United reports $2.7 billion loss, stock soars

Parent of No. 2 airline rallies despite losses caused by high fuel prices, severance-related downsizing charges.

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By Aaron Smith, CNNMoney.com staff writer

I think expanded drilling in Alaska is:
  • A way to bring down the price of oil quickly
  • Nothing but political pandering
  • A smart step toward energy independence
  • A waste of time

NEW YORK (CNNMoney.com) -- United Airlines parent UAL Corp. stock soared 68% Tuesday after it reported a second-quarter net loss of $2.7 billion Tuesday due to the soaring price of fuel and announced thousands of new job cuts.

UAL Corp. (UAUA, Fortune 500) said its loss of $21.47 per share stemmed from $2.6 billion in previously recorded accounting charges, including a $2.3 billion special charge for "goodwill impairment."

Excluding these charges, the parent of the nation's second-largest airline reported a loss of $151 million for the quarter, or $1.19 per share.

But that was better than the loss of $2.05 per share that analysts surveyed by Thomson/First Call had expected on that basis.

The company's stock ended the day $3.42 higher to $8.41 a share.

United said operating revenue totaled $5.37 billion, falling just short of the $5.40 billion analysts had expected.

"Our industry continues to be challenged, perhaps as never before, by fuel prices that continue to march higher," United Chief Executive Glenn Tilton said in a webcast with analysts. "We're taking the difficult but imperative action of cutting jobs throughout the company."

Jack Brace, chief financial officer, said United plans to cut 7,000 jobs, or 12% of its total workforce, by the end of 2009, much larger than the previously announced cuts of approximately 1,500 jobs. Brace also said the airline will eliminate 100 of its least fuel-efficient airplanes from its fleet.

John Tague, chief operating officer, said United will also eliminate its least fuel-efficient routes, aiming for a 13% capacity reduction by the end of 2009.

"At current fuel prices, the economics of certain routes just don't make sense right now," said Tague. "Routes that cannot withstand the pressure of elevated fuel costs will be eliminated."

United also announced that it extended its Mileage Plus bank card partnership with Chase Bank, meaning that United will receive a $600 million payment from Chase, and increase its cash flow over the next two years by $200 million.

Other airlines struggling with rising fuel prices also posted quarterly losses Tuesday.

But airline stocks rose as oil prices prices plunged. US Airways (LCC, Fortune 500) jumped nearly 59% on Tuesday and JetBlue (JBLU) climbed almost 16% by the end of the day.

"The market probably liked what it heard on the conference call with the capacity cuts," said Ray Neidl, airline analyst for Calyon Securities. "But I think the biggest thing is the change in oil prices."

Oil plunged as much as $5.41 a barrel in Tuesday trading, before settling $3.09 lower, due to concerns about energy use in a troubled economy and reduced fears that a tropical storm in the Gulf of Mexico will hurt production.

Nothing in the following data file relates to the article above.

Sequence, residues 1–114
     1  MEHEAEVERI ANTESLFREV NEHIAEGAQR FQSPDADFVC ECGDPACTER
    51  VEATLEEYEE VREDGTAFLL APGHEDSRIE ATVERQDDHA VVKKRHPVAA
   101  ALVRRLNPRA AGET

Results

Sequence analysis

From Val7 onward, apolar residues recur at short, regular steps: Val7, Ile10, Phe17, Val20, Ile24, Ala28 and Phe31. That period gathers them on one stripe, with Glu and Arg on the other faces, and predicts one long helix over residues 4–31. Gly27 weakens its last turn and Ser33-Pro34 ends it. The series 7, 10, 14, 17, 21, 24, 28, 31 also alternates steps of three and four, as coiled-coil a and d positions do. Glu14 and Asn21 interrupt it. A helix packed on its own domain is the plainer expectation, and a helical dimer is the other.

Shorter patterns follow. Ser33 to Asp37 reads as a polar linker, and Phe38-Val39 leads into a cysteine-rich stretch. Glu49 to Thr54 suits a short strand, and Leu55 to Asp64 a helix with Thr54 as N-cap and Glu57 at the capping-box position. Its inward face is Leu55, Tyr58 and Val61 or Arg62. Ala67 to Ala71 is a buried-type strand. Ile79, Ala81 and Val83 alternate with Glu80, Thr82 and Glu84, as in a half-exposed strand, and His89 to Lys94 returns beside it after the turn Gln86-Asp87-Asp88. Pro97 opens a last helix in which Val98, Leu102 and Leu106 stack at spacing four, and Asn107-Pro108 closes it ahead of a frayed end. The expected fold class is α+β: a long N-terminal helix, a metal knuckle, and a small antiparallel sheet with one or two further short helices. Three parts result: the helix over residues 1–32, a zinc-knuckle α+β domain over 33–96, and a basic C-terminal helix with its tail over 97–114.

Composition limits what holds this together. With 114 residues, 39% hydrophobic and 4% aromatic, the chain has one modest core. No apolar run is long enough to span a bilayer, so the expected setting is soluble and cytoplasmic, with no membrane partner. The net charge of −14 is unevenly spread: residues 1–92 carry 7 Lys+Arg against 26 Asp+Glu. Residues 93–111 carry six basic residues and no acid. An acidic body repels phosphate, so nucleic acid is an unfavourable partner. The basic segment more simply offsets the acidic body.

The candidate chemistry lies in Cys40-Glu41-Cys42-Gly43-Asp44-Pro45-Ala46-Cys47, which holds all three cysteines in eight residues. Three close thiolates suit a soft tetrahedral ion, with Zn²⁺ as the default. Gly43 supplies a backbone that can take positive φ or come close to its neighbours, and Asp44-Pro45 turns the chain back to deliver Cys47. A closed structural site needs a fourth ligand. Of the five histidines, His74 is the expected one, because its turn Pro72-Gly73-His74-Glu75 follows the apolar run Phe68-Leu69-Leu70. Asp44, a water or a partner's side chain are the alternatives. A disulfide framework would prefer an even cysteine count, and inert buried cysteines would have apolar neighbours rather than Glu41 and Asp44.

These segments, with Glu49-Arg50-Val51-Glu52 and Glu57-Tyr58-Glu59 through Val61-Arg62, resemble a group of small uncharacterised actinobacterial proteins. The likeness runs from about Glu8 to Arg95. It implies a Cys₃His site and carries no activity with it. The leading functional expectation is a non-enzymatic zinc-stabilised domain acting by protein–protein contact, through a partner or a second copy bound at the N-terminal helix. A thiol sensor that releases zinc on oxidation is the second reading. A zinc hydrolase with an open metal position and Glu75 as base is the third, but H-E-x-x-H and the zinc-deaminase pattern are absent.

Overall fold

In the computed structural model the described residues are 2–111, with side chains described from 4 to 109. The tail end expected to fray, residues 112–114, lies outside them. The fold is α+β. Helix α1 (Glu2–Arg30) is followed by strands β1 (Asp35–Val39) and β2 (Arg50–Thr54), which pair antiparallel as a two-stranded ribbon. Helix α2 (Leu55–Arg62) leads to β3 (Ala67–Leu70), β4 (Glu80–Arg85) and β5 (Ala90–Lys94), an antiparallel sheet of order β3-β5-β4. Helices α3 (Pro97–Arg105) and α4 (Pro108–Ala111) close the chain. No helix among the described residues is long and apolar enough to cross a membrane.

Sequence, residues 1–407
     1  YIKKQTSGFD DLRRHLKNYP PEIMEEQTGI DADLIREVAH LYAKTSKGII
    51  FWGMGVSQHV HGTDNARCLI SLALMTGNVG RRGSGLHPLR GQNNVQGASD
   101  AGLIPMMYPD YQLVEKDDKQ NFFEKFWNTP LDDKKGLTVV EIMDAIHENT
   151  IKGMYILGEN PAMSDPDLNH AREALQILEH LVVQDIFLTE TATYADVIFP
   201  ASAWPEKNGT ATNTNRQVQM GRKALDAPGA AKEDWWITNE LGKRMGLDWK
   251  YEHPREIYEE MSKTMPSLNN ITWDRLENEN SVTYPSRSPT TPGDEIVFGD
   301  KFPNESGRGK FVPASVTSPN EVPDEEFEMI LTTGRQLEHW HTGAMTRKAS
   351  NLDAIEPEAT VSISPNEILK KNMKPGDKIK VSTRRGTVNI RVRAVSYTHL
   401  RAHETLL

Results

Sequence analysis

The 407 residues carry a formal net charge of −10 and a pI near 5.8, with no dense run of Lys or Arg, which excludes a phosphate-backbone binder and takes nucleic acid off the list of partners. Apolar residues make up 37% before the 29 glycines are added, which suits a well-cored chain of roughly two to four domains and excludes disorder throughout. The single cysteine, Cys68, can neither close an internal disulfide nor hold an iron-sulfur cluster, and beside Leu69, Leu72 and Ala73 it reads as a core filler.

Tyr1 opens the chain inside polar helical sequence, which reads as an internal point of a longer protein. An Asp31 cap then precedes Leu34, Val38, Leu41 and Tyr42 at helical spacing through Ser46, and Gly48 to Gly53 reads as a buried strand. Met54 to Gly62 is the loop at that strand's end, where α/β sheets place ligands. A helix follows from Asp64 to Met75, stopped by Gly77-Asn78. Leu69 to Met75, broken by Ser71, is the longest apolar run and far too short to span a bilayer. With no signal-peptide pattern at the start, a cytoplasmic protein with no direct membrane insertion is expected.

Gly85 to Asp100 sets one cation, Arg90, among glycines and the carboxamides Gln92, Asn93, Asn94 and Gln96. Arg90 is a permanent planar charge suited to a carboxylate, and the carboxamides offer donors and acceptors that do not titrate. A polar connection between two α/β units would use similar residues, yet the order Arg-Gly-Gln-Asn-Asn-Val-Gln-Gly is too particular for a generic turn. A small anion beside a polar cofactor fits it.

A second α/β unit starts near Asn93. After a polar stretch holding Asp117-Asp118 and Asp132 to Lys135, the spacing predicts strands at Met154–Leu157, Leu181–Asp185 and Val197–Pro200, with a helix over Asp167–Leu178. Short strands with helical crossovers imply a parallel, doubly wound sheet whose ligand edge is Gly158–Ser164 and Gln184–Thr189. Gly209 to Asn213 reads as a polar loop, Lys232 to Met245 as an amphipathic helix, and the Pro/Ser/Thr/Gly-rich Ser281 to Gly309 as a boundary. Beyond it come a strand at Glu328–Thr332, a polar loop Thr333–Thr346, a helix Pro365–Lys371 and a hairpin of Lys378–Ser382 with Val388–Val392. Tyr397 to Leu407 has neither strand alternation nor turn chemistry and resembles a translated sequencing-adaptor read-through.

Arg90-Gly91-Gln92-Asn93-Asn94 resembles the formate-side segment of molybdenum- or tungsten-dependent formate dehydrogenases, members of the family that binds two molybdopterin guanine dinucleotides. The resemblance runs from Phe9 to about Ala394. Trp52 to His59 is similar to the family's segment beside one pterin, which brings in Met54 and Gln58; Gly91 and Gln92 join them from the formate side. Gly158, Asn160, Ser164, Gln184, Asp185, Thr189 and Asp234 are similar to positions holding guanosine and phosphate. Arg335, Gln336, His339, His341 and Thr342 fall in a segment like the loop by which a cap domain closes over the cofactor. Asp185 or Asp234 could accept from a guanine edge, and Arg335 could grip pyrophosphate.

"Oil prices going down has certainly had an impact," said U.S. Airways Chief Executive Doug Parker in an analyst call, when asked to comment on the rising stock prices.

The Tuesday trading is in stark contrast to the airlines' performance so far this year. Year-to-date, the Amex Airline Index (XAL) has plunged 50%.

US Airways, the nation's No. 6 carrier, reported a narrower second-quarter loss than had been forecast on revenue that came roughly within expectations.

The airline posted a net loss of $101 million, or $1.11 per share. Analysts had expected a loss of $1.29 per share. Excluding charges, the net loss was $567 million, or $6.16 per share, the company said.

The carrier reported total operating revenue of $3.25 billion, versus Wall Street's projections for sales of $3.27 billion.

JetBlue Airways booked a net loss of $7 million, or a loss of 3 cents a share, as operating revenue surged 17.7% to $859 million.

Analysts had projected a loss of 7 cents per share on revenue of $856 million.

Rising fuel prices are squeezing the money-losing airline industry, which is in its worse state since the fallout immediately following the terrorist attacks of Sept. 11, 2001.

Sales gains "are clearly not keeping pace with the extraordinary increase in the price of jet fuel," JetBlue Chief Executive Dave Barger said in a statement.

US Airways CEO Parker echoed that view. Losses "reflect the unprecedented rise in fuel prices that are impacting our industry," he said.

The Air Transport Association expects fuel costs to jump to $61.2 billion this year, up nearly 50% from $41.2 billion in 2007. Airlines have also increased fares, added fees to services that once came for free, cut thousands of jobs and reduced capacity by eliminating their least fuel-efficient flights.

Parker said these a la carte charges, which include charging fees for the first checked bag, will result in an additional $400 million to $500 million in annual revenue.

Other measures, such as removing the in-flight entertainment system, will save the company $15 million a year from "reduced fuel burn," he said. To top of page

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